Chris Ross could never get too excited.
Ross, the PA announcer at most St. Joseph’s Catholic Academy football games, watched from afar as his son, Charlie, lined up at wide receiver.
Charlie was a focal point of the Wolves’ offense, catching screens and deep patterns alike, using his wheels to leave cornerbacks begging for air.
On a touchdown or big play, though, his father would be resolute in the press box.
“I couldn’t show favoritism,” Chris said, sounding somewhat disappointed.
But Charlie’s mom? Now that’s a different story.
“She’s a rah-rah cheerleader,” Chris said with a laugh. “She’ll turn around at the game, and go, ‘Did you see that? Did you see that?’ And I’ll just just nod.”
If that’s the case, Chris nodded often the past few years, which is surreal for Chris, Charlie, coaches and administrators to think about.
When Charlie, now an outgoing senior, came to St. Joseph’s in 2013, there were no promises made, and no guarantee there would even be an actual football program.
Despite that, Charlie had aspirations: he wanted to represent SJCA, and he wanted to play college football.
He’d be the first-ever Wolves football player to do so.
“He just dreamt,” Chris said.
Now, after three years of ebbs and flows, Charlie, a future Allegheny College Gator, isn’t dreaming anymore.
Charlie, 18, has two older brothers. The oldest is five years older than Charlie, and the other three years his elder.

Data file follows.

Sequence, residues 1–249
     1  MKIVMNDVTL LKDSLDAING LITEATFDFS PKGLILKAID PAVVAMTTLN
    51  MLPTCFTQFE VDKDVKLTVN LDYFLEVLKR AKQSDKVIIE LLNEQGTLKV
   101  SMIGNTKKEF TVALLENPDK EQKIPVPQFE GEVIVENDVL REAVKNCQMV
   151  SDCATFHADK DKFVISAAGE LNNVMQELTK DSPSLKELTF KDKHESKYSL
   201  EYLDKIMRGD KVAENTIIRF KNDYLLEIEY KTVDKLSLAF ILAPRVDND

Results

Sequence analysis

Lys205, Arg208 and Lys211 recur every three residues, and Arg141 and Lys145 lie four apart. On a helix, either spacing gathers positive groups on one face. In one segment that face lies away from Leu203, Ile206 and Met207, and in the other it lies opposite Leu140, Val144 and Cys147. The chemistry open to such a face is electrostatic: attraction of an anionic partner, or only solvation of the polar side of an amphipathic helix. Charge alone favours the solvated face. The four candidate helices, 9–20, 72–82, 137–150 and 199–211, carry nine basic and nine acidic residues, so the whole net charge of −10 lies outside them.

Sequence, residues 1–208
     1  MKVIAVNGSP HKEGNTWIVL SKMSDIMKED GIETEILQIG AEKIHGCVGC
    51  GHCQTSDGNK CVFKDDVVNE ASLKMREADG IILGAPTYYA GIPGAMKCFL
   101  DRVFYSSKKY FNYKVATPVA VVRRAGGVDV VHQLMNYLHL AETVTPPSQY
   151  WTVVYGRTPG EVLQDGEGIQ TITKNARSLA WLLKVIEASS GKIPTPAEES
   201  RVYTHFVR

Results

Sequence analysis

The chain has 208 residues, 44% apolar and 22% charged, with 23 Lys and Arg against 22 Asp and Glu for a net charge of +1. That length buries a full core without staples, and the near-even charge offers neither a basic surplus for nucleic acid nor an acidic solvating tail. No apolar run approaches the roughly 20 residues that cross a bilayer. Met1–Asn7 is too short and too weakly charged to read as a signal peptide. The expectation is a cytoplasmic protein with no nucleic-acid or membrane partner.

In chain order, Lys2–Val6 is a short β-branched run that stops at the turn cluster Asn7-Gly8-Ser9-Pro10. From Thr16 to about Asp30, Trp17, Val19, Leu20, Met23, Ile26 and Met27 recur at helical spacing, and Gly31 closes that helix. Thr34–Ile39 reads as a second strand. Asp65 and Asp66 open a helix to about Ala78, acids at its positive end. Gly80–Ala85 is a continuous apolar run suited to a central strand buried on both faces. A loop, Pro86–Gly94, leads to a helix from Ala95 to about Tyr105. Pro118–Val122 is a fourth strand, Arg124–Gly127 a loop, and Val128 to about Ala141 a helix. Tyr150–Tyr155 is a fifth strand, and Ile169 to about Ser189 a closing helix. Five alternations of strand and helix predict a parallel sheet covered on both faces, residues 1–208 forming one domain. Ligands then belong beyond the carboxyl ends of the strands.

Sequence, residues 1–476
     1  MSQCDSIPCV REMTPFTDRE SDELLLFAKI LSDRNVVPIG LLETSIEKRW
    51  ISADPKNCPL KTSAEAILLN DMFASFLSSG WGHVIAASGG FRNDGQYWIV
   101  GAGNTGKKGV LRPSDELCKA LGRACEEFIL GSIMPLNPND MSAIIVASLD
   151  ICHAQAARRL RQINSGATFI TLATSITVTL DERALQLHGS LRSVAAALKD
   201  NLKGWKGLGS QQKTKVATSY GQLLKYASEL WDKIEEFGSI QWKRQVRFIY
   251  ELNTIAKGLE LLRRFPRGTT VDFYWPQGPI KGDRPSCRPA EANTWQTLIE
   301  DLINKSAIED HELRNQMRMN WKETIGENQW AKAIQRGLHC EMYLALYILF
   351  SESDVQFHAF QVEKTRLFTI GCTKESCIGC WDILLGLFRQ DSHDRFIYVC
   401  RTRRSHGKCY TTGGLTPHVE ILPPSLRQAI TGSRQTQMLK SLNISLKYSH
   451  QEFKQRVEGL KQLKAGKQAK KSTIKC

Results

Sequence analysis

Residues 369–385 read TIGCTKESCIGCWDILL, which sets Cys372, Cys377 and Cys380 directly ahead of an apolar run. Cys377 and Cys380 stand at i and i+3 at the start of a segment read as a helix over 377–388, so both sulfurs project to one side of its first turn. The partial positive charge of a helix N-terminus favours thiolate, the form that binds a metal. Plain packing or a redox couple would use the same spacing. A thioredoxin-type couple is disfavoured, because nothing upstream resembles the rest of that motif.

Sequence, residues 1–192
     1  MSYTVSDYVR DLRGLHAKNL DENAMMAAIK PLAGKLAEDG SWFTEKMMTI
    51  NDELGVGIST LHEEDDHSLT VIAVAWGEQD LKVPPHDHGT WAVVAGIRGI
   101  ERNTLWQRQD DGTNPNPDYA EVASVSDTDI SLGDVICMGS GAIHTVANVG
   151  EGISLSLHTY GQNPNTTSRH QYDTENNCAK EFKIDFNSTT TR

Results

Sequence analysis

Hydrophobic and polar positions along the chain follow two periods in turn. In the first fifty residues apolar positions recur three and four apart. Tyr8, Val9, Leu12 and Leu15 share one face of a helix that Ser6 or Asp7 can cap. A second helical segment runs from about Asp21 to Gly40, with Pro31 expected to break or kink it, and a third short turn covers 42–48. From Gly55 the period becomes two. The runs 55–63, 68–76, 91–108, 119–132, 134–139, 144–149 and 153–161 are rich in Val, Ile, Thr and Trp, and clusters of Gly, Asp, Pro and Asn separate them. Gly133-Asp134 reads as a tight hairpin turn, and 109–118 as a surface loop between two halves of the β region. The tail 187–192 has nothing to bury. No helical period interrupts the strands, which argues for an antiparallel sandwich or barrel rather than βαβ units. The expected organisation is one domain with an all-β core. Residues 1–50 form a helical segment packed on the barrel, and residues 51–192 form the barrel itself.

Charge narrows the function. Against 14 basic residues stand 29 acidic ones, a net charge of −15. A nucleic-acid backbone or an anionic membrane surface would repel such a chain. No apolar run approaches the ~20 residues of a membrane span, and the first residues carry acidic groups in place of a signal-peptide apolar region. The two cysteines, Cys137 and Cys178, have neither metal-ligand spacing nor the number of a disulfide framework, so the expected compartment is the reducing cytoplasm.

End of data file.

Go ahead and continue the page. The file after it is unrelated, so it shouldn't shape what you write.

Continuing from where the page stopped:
When Charlie was just four, he’d hang out at his older brothers’ Pop Warner practices. Sometimes he’d just watch, other times he’d run sprints with the players.
And whenever the Pop Warner team practiced at Bellefonte’s field, Charlie would stand next to then-varsity head coach Tom Gravish and follow him around everywhere he went.
When Chris saw that, he knew.
“Football was his very first love,” the father said.
Twelve years later, that love was in jeopardy.
After attending Bellefonte his freshman year, Charlie’s parents wanted him to attend the newly-opened high school in Boalsburg, St. Joseph’s Catholic Academy.
So Charlie and his parents went on a tour, and afterward, they talked to Dave Carson.
Carson, previously Charlie’s coach at Bellefonte Middle School, was going to be SJCA’s first head coach.
The family liked that, and SJCA’s academics, so Charlie transferred. He was one of 16 transfers that would play football in the inaugural season.
That’s when Chad Walsh saw a program taking shape. It gave him a sense of optimism about where this could go.
In the school’s first year, Walsh was strictly a teacher who only taught two classes at SJCA. In the spring, he was hired as SJCA’s athletic director.
Just months after that, though, in mid-summer with the second school year on the horizon, Walsh was faced with a simple, but scary question.
Will there be a football team?
Students graduated. Several transferred. And the Wolves didn’t have many bodies to begin with.
There were only 18 total players on the team, and with many leaving after the first season, a frightening reality set in.
“The boys were nervous, the coaches were nervous,” Walsh recalls, “Everyone was kind of like, ‘What’s going to happen here?’”
Assistant coach Christian Klepeiss remembers the feeling.
“We had to fight to keep the program together,” Klepeiss said. “We were begging kids to come out and play.”
But what about Charlie, and other players like Mikey Kresovich and Mike Jabco?
“They had a chance to go, too,” Klepeiss said. “They could have gone somewhere else.”
But those players wouldn’t allow the program to sink. They wouldn’t let that happen.
Charlie, in particular, loved the Wolves.
Was it difficult not getting a breather during games?
Was it weird scrimmaging one half of the offense versus one half of the defense, because of lack of numbers?
“I’m not gonna lie, it was probably the strangest football team I’ve ever been on,” Charlie said.
But to his admission, it made him tougher. It humbled him.